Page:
I fell asleep at the wheel, and I drove into a tree. Here is another way to write the same scene. I awoke to the violent crunch of metal on wood, the hiss of the radiator, and the sickly sweet smells of antifreeze and gasoline. Adding the sights, smells, and sounds allows the reader to imagine the moment.
And why should I care? Writers often focus on the second question, how to hook a reader. But orienting the reader is just as important. They need to know the setting: Readers revisit these same questions at the beginning of every chapter or major change in setting.
What would your character see, hear, smell, taste or feel? Using the senses is self-explanatory, except the feeling sense, where you want to emphasize temperature and texture, or how it feels for this character to move within the space.
I hesitated, my heart thumping, at the boundary between light and dark. From the overhead clumps of moss, cold drops plopped into my hair, a water clock ticking away the precious seconds. The musty smell, was it from bats? Or was there something more sinister in this cave?
Sensory details are the basis of active fiction that pulls the reader directly into a story. David Morrell, author of First Blood and more than 30 other thrillers, says he tries to anchor every scene with details from at least three different senses.
This grounds the fiction in our common experience as humans: Assign a color to each of the senses then use markers to highlight the sensory details you used in a section of your story.
Often, writers tend to use one sense more than the others. Everyone struggles with smell and taste. It partly depends on the setting of your story whether there are any appropriate smells or tastes. Certainly, a Christmas banquet would allow for a deeper exploration of these senses.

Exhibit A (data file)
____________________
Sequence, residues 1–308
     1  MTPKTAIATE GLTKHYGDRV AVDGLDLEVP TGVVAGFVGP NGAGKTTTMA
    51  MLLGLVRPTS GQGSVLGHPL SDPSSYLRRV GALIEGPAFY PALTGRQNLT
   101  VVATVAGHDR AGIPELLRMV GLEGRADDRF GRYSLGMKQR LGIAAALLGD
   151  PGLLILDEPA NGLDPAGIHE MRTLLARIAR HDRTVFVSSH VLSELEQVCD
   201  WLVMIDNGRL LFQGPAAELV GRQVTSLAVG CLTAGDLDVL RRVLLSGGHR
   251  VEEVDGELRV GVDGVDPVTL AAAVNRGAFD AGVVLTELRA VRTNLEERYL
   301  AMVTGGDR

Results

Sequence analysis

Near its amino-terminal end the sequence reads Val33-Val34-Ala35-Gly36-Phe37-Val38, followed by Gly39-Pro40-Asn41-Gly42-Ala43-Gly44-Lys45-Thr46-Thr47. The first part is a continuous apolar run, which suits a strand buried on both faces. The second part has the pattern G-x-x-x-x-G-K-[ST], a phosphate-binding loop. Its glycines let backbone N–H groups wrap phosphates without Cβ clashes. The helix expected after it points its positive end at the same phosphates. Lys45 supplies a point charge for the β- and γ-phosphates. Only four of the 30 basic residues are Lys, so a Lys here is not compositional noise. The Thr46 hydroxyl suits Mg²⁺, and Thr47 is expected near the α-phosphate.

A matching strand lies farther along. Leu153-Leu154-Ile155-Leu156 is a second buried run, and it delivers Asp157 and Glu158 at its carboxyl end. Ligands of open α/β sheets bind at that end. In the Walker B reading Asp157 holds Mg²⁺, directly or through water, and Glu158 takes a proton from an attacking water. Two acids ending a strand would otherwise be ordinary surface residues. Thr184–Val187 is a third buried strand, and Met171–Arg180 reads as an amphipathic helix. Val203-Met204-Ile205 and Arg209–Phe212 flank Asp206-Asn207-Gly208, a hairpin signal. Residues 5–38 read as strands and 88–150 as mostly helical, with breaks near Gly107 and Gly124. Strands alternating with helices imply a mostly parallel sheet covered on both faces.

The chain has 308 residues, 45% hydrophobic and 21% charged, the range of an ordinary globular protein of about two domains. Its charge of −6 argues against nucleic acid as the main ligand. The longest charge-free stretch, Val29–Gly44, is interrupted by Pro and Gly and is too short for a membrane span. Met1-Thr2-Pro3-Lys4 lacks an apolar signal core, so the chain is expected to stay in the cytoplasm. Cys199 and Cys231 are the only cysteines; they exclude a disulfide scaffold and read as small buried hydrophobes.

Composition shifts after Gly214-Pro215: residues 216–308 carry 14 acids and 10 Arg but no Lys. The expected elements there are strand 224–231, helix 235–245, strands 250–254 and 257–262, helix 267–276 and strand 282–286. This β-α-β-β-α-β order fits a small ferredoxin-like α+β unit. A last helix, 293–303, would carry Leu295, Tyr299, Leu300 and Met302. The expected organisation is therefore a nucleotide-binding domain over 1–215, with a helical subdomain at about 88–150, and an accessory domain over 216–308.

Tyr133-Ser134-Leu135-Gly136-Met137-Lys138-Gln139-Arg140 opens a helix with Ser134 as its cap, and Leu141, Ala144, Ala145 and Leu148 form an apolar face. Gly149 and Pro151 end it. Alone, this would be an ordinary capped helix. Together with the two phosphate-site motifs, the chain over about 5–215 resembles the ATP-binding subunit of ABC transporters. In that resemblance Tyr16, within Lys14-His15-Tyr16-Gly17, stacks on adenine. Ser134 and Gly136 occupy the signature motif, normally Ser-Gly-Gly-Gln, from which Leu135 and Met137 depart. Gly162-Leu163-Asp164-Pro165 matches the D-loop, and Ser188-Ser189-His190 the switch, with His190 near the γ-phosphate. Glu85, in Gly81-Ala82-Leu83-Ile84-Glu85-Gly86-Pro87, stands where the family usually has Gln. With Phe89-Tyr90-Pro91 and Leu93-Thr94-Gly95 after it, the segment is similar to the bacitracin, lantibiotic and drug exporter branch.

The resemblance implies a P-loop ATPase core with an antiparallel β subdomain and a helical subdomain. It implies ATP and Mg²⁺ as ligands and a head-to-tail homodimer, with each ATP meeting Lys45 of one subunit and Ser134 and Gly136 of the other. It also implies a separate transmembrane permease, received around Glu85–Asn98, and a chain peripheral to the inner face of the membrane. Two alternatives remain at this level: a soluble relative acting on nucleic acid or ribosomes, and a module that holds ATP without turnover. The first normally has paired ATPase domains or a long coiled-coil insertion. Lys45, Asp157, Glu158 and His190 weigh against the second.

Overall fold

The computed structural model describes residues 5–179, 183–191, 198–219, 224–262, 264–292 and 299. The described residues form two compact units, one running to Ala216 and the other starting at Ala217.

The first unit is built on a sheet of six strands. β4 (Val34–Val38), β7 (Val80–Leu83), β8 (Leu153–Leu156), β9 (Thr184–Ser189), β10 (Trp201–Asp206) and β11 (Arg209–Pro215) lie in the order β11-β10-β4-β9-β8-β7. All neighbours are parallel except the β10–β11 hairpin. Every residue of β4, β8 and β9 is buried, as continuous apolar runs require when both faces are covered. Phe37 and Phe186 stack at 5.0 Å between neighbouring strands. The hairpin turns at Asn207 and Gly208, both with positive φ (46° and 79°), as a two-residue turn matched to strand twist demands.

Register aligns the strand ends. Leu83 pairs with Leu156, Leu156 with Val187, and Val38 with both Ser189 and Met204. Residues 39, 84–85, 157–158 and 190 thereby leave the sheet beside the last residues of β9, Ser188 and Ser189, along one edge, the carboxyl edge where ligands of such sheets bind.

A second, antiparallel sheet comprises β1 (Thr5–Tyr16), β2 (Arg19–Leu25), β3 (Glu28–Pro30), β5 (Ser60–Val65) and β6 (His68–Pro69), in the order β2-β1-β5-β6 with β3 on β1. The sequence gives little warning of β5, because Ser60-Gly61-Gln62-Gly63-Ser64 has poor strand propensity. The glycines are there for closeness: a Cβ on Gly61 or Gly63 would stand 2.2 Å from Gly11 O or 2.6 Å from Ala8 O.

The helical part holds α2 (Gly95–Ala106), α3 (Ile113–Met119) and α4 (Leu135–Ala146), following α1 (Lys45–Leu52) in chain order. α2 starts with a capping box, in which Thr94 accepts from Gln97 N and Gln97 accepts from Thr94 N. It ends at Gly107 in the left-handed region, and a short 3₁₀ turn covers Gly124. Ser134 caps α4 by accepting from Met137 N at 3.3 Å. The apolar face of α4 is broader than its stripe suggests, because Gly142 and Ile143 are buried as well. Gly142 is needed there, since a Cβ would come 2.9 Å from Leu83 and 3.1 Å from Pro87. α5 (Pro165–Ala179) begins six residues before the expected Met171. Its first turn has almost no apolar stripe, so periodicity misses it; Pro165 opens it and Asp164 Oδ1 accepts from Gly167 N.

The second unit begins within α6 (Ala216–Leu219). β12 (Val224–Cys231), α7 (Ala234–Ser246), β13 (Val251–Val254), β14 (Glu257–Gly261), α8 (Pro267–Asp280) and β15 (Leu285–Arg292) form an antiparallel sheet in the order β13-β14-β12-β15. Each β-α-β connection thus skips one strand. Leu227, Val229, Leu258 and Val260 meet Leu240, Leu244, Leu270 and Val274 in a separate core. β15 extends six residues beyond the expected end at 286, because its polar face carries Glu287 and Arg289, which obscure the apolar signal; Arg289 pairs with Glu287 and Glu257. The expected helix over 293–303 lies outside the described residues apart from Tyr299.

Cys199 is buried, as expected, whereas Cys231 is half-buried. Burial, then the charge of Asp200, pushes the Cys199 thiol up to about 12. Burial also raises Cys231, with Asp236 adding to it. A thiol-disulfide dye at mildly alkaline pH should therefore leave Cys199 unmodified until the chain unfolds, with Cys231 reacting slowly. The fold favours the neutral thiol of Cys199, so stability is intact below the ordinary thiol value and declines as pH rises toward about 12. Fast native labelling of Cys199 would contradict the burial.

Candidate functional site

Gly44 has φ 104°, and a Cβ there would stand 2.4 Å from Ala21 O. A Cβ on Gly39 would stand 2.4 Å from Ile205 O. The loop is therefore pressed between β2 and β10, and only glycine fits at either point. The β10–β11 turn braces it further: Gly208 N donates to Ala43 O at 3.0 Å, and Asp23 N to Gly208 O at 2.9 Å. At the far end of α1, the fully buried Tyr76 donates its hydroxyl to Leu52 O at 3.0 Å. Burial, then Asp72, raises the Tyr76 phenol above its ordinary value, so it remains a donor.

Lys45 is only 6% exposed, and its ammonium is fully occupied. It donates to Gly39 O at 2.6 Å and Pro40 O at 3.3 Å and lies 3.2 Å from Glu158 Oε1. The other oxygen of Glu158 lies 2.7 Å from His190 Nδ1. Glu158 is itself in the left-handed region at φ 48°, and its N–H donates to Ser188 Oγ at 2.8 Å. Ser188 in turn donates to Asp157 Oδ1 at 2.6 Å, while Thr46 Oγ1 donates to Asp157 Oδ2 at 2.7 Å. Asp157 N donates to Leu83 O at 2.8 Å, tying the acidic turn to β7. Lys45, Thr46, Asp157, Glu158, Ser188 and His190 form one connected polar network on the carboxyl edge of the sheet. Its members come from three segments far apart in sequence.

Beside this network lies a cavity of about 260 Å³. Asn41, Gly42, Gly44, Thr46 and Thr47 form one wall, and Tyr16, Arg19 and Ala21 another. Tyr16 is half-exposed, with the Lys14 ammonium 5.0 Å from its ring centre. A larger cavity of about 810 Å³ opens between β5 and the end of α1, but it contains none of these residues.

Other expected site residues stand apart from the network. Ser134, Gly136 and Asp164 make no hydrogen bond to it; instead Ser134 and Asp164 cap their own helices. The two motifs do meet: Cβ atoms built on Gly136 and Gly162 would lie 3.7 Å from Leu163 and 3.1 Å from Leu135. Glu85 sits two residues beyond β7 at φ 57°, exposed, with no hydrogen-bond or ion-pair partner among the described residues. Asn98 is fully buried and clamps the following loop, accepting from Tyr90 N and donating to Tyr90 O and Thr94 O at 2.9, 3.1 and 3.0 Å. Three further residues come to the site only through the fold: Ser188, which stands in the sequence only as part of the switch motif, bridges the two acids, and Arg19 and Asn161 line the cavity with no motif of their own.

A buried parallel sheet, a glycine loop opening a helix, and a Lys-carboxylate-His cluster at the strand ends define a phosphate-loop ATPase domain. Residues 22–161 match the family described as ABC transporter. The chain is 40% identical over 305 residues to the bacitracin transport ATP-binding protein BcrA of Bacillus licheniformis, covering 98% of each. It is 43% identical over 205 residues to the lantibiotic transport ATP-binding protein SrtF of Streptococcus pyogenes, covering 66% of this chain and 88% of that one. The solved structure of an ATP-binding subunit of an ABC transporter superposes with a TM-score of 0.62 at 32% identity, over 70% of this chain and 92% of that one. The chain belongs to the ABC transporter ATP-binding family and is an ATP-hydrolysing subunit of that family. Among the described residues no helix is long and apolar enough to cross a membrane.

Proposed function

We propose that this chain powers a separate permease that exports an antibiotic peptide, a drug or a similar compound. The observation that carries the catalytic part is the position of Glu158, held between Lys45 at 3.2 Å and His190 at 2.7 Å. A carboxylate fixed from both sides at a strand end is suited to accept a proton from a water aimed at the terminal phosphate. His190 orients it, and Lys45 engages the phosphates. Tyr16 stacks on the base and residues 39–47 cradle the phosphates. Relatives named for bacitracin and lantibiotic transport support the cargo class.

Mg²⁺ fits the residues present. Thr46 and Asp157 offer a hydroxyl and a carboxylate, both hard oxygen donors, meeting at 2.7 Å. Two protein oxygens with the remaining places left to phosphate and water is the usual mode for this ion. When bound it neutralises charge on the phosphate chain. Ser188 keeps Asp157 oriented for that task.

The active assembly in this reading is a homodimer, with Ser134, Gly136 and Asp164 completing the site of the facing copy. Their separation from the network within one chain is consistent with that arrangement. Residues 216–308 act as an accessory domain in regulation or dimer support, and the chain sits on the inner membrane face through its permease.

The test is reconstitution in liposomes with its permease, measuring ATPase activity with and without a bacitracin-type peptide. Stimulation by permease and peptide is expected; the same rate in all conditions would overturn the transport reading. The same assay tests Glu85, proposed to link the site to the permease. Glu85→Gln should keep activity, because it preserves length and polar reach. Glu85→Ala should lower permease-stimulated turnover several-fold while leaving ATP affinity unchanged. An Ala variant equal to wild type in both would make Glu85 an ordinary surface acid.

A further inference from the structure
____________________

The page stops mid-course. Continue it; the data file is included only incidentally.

But even in our cave setting there were some smells and tastes. Think of the smell of cinnamon at Christmas.
Kinesthetic details are usually translated into strong verbs, for example: She swung her arms in a wide circle. Your characters are moving around, doing things, reacting to things and you should search for strong verbs to express this action. In the cave paragraph, what if I reworded the opening a bit?
My toe caught a rock and I stumbled, catching myself against the slimy wall. I was at the boundary of light and dark. A final tip in using this exercise is to be as specific as possible.
Poor use of modifiers: Choose specific, precise verbs. Water fell onto my head. Water plopped onto my head.Creative Writing: The Craft of Setting and Description is course 3 of 5 in the Creative Writing Specialisation.
This Specialization covers elements of three major creative writing genres: short story, narrative essay, and memoir. Setting is the place and time in which the action of a narrative takes place. It's also called the scene or creating a sense of place.
In a work of creative nonfiction, evoking a sense of place is an important persuasive technique: "A storyteller persuades by creating scenes, little dramas that occur in a definite time and place, in which real people interact in a way that furthers the aims of.
Mar 01, · The river alongside it ran tumbling in every direction as pure and as clean as a newborn baby's soul. The ground was moist and alive with peace producing a Status: Resolved.
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Daniel La Rosa. Search this site. Home; Stem Collaborative. Engineering Design and Development Descriptive - Going Down the River. Reflection I took this as a creative prompt and therefore made up a story of me going down a river with my friends, for the most part.
I did go down a river once with a couple of my friends but my whole. But a wild river is a strong setting ripe with opportunities for conflict, so we’ll make sure to incorporate some wild river description into the River entry.
Thanks so much for the suggestion! Reply.